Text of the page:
The American Civil Liberties Union says there are problems in the way many police agencies in New Jersey respond to citizens who want to file complaints about officers.
ACLU policy counsel Alexander Shalom says more than three-quarters of the police departments in the state could not provide basic information or gave wrong answers to citizens who called about filing an internal affairs complaint.
“We were being told that juveniles needed to come in with their parents, that they couldn’t assure undocumented immigrants that immigration authorities wouldn’t be notified, that anonymous complaints couldn’t be received because they couldn’t be verified and that third-party complaints were impermissible,” Shalom said Tuesday.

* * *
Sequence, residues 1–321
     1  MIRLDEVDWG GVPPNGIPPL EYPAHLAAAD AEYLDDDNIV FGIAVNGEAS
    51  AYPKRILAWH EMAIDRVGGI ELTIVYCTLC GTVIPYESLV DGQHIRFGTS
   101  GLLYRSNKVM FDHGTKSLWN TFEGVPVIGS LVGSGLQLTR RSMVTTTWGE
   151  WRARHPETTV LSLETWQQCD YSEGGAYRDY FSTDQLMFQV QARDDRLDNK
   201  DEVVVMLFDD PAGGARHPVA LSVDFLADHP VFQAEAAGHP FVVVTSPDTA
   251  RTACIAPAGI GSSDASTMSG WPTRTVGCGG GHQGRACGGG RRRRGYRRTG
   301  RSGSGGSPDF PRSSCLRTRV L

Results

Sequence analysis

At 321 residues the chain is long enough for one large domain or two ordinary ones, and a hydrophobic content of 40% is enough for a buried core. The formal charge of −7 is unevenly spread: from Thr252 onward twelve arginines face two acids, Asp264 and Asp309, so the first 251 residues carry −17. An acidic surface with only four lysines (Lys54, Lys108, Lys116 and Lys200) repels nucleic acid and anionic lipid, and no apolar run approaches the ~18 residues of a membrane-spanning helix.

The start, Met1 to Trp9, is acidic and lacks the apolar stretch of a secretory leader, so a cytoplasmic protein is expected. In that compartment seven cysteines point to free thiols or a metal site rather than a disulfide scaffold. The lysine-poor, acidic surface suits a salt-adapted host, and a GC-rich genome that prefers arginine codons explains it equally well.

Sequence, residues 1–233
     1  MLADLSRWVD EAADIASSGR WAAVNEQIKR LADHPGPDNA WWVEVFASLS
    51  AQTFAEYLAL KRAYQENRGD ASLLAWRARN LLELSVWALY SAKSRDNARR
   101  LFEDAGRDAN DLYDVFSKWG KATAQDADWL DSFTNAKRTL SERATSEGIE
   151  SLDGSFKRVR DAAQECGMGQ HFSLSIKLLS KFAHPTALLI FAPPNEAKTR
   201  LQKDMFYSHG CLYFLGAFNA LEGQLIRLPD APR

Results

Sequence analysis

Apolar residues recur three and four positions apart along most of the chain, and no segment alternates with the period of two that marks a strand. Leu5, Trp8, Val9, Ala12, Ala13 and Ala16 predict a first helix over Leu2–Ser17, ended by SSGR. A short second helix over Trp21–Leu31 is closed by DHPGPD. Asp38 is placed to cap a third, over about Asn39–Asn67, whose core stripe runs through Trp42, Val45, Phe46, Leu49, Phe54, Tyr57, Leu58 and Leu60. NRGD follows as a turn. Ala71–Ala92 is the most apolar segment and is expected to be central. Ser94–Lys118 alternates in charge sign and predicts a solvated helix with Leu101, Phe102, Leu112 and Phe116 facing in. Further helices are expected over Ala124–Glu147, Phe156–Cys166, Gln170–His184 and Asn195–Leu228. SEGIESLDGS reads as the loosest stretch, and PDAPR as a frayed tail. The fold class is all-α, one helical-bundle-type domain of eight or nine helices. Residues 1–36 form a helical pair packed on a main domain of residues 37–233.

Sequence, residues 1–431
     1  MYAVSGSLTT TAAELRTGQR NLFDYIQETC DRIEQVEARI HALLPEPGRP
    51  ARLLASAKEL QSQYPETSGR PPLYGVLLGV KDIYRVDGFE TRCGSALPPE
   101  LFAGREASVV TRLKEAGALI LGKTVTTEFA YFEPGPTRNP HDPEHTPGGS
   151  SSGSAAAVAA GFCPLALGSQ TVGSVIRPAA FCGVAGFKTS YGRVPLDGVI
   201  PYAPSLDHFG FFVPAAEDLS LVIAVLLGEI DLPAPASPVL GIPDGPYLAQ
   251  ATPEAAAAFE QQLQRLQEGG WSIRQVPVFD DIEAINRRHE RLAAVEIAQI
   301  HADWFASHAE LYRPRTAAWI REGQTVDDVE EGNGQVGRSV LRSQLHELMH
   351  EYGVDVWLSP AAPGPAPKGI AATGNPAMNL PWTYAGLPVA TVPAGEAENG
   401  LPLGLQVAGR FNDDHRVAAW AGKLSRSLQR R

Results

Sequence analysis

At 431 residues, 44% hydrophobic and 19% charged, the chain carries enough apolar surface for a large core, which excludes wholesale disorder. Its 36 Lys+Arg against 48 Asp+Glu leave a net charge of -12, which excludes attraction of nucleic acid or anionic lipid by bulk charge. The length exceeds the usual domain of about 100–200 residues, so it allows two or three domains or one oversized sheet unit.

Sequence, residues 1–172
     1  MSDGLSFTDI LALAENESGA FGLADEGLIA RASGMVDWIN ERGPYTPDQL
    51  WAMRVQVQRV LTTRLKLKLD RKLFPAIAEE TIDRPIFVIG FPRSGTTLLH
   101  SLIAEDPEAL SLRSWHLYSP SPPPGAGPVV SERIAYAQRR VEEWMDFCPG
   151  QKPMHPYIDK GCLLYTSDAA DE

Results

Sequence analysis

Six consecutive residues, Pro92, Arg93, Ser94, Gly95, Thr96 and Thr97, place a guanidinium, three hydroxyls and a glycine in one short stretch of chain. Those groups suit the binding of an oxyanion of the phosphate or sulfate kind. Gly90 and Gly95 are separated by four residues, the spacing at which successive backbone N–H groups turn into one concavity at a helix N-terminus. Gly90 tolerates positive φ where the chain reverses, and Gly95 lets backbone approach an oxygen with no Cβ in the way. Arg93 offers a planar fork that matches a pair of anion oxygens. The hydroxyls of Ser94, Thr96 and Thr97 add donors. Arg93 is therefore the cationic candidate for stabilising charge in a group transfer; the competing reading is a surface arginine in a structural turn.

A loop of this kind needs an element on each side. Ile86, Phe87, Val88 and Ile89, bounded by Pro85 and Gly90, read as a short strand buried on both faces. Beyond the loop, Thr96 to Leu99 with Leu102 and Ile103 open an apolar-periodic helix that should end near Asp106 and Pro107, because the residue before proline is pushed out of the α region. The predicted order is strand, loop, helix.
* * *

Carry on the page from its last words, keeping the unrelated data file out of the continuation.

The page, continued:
Shalom says not dealing with those complaints properly can undermine citizens’ trust of the police.
By the book
The state attorney general’s office has created a quick reference guide for police employees to keep by the phone so they can provide the accurate information.
“We’ve created a simplified form that will be available to all the people that received these calls which is going to familiarize them with it,” said Attorney General Jeff Chiesa. “It’s available to them right at their desks so we don’t have the confusion that goes on.
“A lot of places have done a great job. There’s some places where we need to do a better job and that’s why we put this process in place.”
The ACLU says that sends a powerful message that the attorney general is taking the problem seriously and wants police to comply with the law.
According to the law, complaints are to accepted anytime, anywhere, from anyone, in any form. And because internal affairs complainants are reporting misconduct, not getting arrested themselves, New Jersey law enforcement authorities are not permitted to initiate contact with federal immigration authorities solely because a person filed a complaint with internal affairs.